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4 e-commerce email marketing strategies to heed

Building a database, nurturing existing customers and using an email service provider are some e-commerce email marketing strategies to help businesses increase revenue.

Online retailers today are constantly seeking more ways to increase revenue, attract repeat buyers and increase their market share in a competitive digital shopping space.

As COVID-19 continues its assault, there has been a natural drop-off of in-person purchases at traditional brick-and-mortar stores. More businesses are turning to online stores and developing e-commerce email marketing strategies for their brands.

An e-commerce email marketing strategy isn't just about sending promotional emails to a list of contacts; it's also about sequencing. Organizations need to ensure they are sending the right message to the right audience at the right time. Otherwise, they may lose credibility and customers. When done correctly, brands won't only benefit from lifelong customers, but also brand evangelists.

What is e-commerce email marketing?

In its most definitive form, e-commerce email marketing is the art and science of using email campaigns to generate sales for an online store. Welcome emails, cart abandonment emails and other email campaigns designed to nurture subscriber lists are all about building customer relationships.

Organizations send these marketing messages with the intent to educate, build loyalty or sell products at various stages of the customer journey. An email marketing channel is an "owned" marketing activity, meaning the sender has complete control over the content and distribution to various audience segments.

Capturing a visitor's email address using an online subscription form is a great first step in an e-commerce email marketing strategy.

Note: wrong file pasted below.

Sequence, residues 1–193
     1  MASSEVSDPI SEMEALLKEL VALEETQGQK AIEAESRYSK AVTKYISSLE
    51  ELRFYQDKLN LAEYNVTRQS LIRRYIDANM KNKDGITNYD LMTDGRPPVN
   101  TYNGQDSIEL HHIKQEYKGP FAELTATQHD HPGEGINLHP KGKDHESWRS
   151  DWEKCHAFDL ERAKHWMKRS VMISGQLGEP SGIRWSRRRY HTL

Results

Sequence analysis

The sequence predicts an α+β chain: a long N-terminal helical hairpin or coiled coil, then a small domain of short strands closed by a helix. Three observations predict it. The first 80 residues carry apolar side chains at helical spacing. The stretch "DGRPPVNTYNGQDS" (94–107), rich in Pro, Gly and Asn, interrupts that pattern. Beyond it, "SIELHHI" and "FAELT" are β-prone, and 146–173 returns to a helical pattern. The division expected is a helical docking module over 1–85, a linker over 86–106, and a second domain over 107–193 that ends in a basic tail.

Here are four e-commerce email marketing strategies that will help businesses on their way to success.

1. Build an email marketing database

One common metric that marketers look at is the amount of traffic websites get from new and returning visitors. However, the reality is that, even with highly targeted traffic, most new visitors to a website will not return -- unless businesses give them a reason, such as an enticing offer to get them to subscribe to marketing emails.

Capturing a visitor's email address using an online subscription form is a great first step in an e-commerce email marketing strategy. Businesses should always provide the opportunity for users to give their email addresses, but they need to make it worth their while. Some enticing offers might include a code for 15% off their first purchase when they sign up, giving away free shipping or just letting them know they will get future discounts and offers by just signing up.

As an organization's database grows, it's best to segment it. This can be done by collecting important information about customers, such as simple demographics data from form fields or through their purchase behavior, areas of interest to promote certain products in subsequent e-blasts and even their birthday.

Email marketing segmentation strategies graphic

2. Send various types of emails

There are many different types of emails to send to increase click-through rates and customer engagement. Emails should be compelling, including a mix of text and photos with a call to action that will grab the reader's attention. Here are some key emails to send that can strengthen customer relationships and increase revenue:

  • Welcome email. When a user subscribes, the best thing an online retailer can do is start off on a positive note with a welcome email. These come in many shapes and sizes but should include an incentive to return to the website or make a purchase, such as a discount code.
  • Cart abandonment email. It's common for shoppers to browse through a website, find something they're interested in and add it to their carts, but it's easy for them to become distracted and not complete the purchase. The cart abandonment email is a great way to remind a user that their cart is still active and encourage them to complete the purchase. Despite the reasons why someone may not make their purchase, this is a good opportunity to also add some incentive into the mix, such as discount codes or free shipping to push them over the purchasing edge.
  • Birthday email. Everyone loves getting well wishes on their birthday, and they may also want to treat themselves to something nice in honor of their special day. These emails create personal experiences with customers, while also providing an opportunity to gift them something in the form of a free item after a certain purchase size or a sizable discount that doesn't cut into profit margins.